Now that John McCain and his fellow “moderate” Republican Senators have made a deal with the White House allowing the CIA and U.S. military to go about the job of protecting America from terrorists, NBC’s Matt Lauer is distressed that the group didn’t “stand up” to the White House and insist on even softer treatment.
In an interview on Friday morning’s Today, Lauer confronted McCain: “Why didn’t you guys stand up and take a stand on specifics? Why didn’t you say look, OK, there’ve been reports, for example, with Khalid Sheikh Mohammed at the secret CIA centers that he was waterboarded, we will not let that stand, Mr. President?”
And Lauer held up Colin Powell as the arbiter of whether this was a good deal, asking McCain: “Do you think now that this moves in the direction where he’ll be satisfied?”
Lauer repeatedly suggested the agreement between McCain’s group and the White House was an election-year gimmick. “Was it a move against torture, or just political theater?” he asked during the opening tease. A few minutes later, he observed to co-host Meredith Vieira: “Some are saying this was all for show, and that nothing has really changed.”
Lauer then proposed to McCain that “some cynics” were suggesting “this was really all about political theater.” Today never identified who the “some cynics” might be, but over on ABC’s Good Morning America, MRC’s Megan McCormack noticed how chief Washington correspondent George Stephanopoulos told co-host Robin Roberts that Democrats were upset by the Bush-McCain deal.
Discussing the deal, Roberts reminded Stephanopoulos: “The Democrats pretty much sat this one out, let the Republicans duke it out. But where do the Democrats now stand on this?”
Stephanopoulos suggested they were going to be forced to go along with McCain’s deal: “They took a pass. I mean, you’re exactly right. They were cut out of the negotiations. They were happy to have Senator McCain leading the criticism. Now that he’s joined ranks with the President, they’re not real happy, they’re grumbling about it, but they can’t really fight it either.”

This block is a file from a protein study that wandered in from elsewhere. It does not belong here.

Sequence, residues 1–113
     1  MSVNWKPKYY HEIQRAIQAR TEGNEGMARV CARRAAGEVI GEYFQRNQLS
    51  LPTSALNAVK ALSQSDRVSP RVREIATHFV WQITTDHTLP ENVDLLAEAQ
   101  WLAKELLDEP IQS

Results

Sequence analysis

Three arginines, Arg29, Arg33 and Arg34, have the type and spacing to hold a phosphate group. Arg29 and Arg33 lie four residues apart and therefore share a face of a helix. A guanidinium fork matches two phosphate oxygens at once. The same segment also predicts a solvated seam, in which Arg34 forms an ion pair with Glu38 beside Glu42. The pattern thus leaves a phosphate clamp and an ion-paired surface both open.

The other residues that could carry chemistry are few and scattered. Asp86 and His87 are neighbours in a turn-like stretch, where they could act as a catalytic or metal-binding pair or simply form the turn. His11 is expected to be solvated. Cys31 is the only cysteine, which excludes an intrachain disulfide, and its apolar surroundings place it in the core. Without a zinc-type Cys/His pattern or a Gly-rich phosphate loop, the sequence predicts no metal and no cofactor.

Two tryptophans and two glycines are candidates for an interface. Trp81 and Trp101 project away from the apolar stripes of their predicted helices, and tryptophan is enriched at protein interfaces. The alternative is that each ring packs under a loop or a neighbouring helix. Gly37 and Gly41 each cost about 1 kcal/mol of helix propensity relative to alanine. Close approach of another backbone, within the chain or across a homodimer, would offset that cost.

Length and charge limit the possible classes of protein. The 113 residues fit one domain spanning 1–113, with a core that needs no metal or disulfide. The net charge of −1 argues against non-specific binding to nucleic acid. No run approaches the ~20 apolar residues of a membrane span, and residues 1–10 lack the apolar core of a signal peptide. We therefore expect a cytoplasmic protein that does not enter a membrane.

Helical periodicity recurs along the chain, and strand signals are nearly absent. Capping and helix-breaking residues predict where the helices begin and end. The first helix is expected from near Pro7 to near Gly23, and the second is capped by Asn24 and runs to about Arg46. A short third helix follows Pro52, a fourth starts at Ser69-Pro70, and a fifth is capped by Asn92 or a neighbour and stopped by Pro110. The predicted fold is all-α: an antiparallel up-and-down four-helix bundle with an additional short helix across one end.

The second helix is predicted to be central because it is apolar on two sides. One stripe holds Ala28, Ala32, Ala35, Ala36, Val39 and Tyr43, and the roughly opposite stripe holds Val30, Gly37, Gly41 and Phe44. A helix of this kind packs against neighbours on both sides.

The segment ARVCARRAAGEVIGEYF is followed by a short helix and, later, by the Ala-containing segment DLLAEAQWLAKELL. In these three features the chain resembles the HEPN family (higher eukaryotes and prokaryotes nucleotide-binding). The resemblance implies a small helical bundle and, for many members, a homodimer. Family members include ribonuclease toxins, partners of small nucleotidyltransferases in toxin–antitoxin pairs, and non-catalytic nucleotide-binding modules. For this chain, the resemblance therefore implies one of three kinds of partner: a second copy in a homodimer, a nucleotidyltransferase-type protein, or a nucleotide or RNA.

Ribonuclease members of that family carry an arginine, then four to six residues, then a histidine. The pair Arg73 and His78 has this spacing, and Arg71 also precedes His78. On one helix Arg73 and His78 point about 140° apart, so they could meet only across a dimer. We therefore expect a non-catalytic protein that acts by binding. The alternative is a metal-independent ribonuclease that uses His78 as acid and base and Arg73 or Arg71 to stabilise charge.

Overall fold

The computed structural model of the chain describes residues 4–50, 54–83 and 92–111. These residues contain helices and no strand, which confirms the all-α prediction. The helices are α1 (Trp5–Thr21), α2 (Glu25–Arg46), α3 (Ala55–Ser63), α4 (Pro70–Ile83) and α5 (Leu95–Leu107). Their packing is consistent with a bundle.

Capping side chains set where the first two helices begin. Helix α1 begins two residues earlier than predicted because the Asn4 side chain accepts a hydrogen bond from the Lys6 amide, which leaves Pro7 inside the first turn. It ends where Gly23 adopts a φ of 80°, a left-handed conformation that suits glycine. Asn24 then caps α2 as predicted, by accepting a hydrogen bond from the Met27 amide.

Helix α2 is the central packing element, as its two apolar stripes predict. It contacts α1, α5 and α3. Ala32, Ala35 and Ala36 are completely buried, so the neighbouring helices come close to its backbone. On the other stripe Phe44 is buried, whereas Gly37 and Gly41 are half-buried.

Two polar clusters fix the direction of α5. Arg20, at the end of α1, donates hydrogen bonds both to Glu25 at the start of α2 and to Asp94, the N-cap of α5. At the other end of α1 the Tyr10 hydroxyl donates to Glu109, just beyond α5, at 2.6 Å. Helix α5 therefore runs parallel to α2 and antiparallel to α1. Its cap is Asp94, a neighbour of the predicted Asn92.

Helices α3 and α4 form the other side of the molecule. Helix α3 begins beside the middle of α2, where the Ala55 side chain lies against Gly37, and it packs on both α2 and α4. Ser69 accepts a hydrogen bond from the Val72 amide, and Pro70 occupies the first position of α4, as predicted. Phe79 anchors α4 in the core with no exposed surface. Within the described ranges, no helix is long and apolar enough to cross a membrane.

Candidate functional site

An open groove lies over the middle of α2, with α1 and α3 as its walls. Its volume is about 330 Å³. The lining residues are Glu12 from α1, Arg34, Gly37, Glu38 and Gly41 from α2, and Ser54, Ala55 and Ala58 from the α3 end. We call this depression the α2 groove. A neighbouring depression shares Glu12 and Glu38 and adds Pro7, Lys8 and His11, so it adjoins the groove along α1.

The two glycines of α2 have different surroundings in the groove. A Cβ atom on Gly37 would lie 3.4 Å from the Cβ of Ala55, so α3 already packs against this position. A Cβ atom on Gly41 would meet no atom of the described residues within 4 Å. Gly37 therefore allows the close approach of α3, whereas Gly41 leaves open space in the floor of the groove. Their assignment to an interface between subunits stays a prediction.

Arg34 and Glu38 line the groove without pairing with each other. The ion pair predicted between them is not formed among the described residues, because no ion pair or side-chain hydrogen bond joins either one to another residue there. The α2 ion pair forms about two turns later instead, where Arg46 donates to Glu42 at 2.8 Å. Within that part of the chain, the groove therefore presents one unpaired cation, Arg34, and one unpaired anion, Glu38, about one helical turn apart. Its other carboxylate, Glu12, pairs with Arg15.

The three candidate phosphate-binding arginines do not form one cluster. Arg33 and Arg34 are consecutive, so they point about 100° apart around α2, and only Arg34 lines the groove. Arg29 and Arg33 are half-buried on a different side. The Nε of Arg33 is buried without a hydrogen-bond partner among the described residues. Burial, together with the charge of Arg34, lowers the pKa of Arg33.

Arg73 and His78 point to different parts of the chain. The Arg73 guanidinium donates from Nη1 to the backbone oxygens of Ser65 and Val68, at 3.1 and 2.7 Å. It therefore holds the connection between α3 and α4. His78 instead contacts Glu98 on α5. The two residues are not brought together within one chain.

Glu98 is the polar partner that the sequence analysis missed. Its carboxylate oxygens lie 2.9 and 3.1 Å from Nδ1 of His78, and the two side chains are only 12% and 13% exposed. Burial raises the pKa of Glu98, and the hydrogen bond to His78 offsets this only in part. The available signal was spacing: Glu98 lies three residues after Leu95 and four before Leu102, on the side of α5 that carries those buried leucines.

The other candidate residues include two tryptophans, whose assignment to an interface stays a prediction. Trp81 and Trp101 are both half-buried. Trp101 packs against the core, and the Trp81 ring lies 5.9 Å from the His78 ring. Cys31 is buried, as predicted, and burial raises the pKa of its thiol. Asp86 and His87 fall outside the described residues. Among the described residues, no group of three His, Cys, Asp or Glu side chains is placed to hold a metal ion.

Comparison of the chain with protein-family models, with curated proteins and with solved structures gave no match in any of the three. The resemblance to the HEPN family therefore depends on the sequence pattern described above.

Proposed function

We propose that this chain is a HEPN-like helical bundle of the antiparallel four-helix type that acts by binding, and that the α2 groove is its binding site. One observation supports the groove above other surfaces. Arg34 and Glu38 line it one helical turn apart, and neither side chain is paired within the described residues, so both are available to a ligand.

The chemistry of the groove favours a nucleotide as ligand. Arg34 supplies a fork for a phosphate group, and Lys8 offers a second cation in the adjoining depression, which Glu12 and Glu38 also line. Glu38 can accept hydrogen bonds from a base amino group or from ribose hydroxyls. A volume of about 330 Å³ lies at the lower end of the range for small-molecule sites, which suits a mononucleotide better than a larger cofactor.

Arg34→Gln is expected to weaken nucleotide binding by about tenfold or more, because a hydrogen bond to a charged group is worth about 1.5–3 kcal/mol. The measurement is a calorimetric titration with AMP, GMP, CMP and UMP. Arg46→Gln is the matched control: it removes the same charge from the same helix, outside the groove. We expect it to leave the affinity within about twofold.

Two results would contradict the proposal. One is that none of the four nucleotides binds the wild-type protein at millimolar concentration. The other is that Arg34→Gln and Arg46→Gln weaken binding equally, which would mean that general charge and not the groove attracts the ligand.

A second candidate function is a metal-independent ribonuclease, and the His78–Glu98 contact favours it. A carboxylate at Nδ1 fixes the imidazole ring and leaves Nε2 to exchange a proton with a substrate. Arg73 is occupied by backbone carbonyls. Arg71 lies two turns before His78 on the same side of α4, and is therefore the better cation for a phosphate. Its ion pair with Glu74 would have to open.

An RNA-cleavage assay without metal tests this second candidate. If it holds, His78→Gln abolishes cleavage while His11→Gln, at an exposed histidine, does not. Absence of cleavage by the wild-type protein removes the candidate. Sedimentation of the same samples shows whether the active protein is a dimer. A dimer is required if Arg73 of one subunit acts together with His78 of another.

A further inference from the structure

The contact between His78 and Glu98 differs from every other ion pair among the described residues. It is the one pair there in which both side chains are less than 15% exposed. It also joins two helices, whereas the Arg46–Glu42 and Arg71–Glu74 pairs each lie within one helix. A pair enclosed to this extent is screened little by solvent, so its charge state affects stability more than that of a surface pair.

Lauer has taken his gripes about the treatment of terrorist prisoners straight to the President, complaining in an interview for the September 11 Today, as MRC’s Geoff Dickens noted at the time. Lauer demanded to know of Bush: “Are you comfortable that the United States did not break the law in conducting that kind of interrogations in those secret sites?” Later in the program, Lauer worried: “Are you at all concerned that at some point, even if you get results, there is a blurring the lines of, between ourselves and the people we’re trying to protect us against?”
Apparently, not even the media’s normal affection for John McCain can shield him from their wrath when he sides with the Bush administration’s odious anti-terror policies.
Now, more from Friday’s Today, as transcribed by the MRC’s Justin McCarthy, beginning with Lauer’s opening tease for his interview with McCain:
“Done deal. The Bush administration finally reaches an agreement with some breakaway Republican Senators on how to interrogate and prosecute the world’s most notorious terror suspects. Was it a move against torture or just political theater?”
A few minutes later, Lauer told Meredith Vieira about his upcoming interview: “After a big showdown over whether to redefine a part of the Geneva Conventions, a deal has now been reached between the White House and some powerful Republican Senators. But some are saying this was all for show, and that nothing has really changed. We’re going to talk to a key player in all of this, Senator John McCain, in a live interview.”